Literacy - Life boats
This week we are learning all about life boats and how they help us.
Monday 8th February
The RNLI flag adorns the side of every lifeboat and flies at every lifeboat station. The RNLI flag has been the symbol of saving lives at sea for over a century (100 years). What can you see on the flag? Why do you think it is on the flag?
See downloads below for more information about the RNLI flag.
Draw and label your own flag. What would you include? Why? What colours would you choose? Is it clear from a distance? Don't forget to label the parts of your flag, don't forget to use your phonic skills to sound out the words.
Can you find out what the letters RNLI stand for?
Tuesday 9th February
RNLI also look after us when we are at the beach.
When you are at the beach there are flags showing us important information. Have a look at these flags.
Have you seen these before?
Do you know what they mean?
Can you create your own safety flag?
Think about where it is for and who might look at it.
What colours could you use?
The beach flags use the colours red and yellow on some flags.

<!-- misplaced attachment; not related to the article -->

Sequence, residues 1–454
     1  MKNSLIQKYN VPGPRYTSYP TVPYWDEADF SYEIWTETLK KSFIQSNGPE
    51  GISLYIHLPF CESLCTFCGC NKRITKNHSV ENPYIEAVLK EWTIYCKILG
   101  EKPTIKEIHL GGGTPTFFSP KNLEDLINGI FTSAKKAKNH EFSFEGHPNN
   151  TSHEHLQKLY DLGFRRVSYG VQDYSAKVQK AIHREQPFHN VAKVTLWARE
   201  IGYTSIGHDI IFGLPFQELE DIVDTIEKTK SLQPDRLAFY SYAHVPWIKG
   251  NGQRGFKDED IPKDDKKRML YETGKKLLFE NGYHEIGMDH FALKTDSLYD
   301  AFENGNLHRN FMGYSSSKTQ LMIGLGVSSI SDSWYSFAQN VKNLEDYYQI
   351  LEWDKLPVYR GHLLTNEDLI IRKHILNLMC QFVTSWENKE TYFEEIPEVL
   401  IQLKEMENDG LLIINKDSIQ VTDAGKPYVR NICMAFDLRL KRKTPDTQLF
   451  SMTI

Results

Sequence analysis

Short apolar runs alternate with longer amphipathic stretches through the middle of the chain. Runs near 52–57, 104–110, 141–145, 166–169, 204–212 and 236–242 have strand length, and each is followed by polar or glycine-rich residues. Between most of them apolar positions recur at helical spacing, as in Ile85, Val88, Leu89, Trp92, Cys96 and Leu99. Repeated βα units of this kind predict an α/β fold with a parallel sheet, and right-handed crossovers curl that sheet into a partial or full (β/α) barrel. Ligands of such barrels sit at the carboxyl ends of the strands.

Red is used to show us danger and yellow is a visible colour to make sure it is seen.
What is your flag telling us?
Is it a flag showing us danger or a safe area?
Thursday 11th February
Life boats help us when we get into trouble. After an incident the life boat crew need to fill out an 'incident report'.
This report tells us all about the incident (what happened) and which equipment they needed.
Pretend to be a crew member and go on a 'shout' (call to the RNLI).
You could pretend a pillow is a life boat and rescue one of your toys.
Once you are all safe, you need to fill in an incident report
(see downloads, or you could make your own).
Remember you need to include details about:
Friday 12th February
Have a look and listen to at this week’s book again.
Can you see that it’s different from our usual stories?
How is different?
Can you explain your thoughts to a grownup?
Do you know the difference between a fiction and non-fiction book?
How can you see from the book if its fiction or non-fiction?
A non-fiction book may also have a contents page, glossary and index. Mrs Rose talks a little about these in her video.
Look on your bookshelf and see if you can find a non-fiction book, or there are lots on 'Oxford Owl E-books' (link on first page of 'reception remote learning')